During recessions, hourly pay for realtors and salesmen falls rapidly.  Even if they’re largely paid on commission, their unemployment still spikes.  Doesn’t this show that blaming unemployment on nominal wage rigidity is misguided?

I think not.  Labor markets for realtors and salesmen simply suffer from a slight tweak on the usual problem.  In these markets, the key rigidity isn’t hourly pay.  It’s the commission rate.  To clear the market for realtors, for example, their commission needs to fall from the standard 6% to something far less.  But strangely, it doesn’t.  Despite a little discounting, the traditional 6% commission is very stable.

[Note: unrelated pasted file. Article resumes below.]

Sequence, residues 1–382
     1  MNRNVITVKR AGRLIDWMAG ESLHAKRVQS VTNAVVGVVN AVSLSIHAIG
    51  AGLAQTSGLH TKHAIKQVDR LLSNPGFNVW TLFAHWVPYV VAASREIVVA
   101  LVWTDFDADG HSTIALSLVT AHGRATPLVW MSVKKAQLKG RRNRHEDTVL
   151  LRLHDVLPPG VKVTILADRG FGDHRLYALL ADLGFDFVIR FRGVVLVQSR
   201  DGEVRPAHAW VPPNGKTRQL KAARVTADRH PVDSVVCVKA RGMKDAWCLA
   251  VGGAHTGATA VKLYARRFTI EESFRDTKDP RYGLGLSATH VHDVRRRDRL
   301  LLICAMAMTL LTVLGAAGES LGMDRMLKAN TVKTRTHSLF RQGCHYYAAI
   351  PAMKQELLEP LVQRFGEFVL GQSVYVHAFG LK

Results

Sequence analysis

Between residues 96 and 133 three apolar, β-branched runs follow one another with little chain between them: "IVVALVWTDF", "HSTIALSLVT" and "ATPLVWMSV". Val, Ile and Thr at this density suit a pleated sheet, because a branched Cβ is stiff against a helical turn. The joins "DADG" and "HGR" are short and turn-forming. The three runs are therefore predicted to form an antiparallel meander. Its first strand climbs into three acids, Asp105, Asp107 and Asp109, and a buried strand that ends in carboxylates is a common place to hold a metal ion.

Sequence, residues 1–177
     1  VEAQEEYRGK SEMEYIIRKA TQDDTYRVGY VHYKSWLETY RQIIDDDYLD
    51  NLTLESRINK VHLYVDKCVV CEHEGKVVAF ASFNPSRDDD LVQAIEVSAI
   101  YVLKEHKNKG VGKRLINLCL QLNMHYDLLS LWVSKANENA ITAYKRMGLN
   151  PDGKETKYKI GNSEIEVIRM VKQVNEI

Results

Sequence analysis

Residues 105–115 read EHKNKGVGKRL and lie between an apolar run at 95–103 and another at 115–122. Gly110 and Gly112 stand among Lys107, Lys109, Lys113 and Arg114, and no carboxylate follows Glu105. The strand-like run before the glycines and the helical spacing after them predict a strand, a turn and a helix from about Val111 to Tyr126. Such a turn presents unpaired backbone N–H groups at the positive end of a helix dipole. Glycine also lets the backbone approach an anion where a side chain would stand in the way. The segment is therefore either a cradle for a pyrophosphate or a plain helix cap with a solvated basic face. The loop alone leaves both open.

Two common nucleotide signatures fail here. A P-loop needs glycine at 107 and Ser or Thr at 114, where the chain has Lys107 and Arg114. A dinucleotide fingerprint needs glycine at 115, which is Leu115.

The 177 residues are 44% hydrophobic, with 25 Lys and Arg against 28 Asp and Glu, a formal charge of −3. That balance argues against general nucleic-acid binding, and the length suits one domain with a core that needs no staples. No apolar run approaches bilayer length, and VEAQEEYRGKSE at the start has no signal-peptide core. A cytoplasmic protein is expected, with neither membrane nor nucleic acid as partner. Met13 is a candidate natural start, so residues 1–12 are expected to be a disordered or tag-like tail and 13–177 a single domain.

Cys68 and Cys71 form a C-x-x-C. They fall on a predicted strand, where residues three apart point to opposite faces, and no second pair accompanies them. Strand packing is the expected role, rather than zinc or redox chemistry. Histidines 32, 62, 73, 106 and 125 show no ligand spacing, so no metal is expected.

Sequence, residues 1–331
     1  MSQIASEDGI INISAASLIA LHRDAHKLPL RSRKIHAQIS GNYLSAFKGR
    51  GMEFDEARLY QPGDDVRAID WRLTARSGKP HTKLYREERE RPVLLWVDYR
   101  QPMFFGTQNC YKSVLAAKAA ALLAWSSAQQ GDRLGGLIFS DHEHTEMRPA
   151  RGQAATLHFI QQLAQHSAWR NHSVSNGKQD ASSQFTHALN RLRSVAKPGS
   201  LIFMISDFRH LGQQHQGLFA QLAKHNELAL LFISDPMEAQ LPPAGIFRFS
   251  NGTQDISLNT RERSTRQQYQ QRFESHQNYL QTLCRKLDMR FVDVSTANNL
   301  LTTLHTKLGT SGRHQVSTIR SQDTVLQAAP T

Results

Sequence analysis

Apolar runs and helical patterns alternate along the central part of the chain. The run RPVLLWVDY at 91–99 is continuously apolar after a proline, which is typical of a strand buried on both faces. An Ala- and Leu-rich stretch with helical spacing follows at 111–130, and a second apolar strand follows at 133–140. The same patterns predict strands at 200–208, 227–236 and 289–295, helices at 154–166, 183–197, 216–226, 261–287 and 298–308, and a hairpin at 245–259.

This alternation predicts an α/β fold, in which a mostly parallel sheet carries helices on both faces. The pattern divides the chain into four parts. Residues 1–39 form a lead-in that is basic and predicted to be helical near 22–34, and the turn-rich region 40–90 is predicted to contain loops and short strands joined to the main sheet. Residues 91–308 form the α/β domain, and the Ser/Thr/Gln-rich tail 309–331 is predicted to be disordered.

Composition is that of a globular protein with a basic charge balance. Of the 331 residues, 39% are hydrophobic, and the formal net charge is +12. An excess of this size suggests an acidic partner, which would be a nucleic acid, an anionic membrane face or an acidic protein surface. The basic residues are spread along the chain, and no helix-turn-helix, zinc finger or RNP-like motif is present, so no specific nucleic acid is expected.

Workers in sales may be horrified by the thought of seeing their volume and their commission fall at the same time.  But depending on elasticities, their hourly pay could actually rise.  In recessions, salespeople waste a lot of extra time of waiting around for customers.  Isn’t commission flexibility the obvious solution?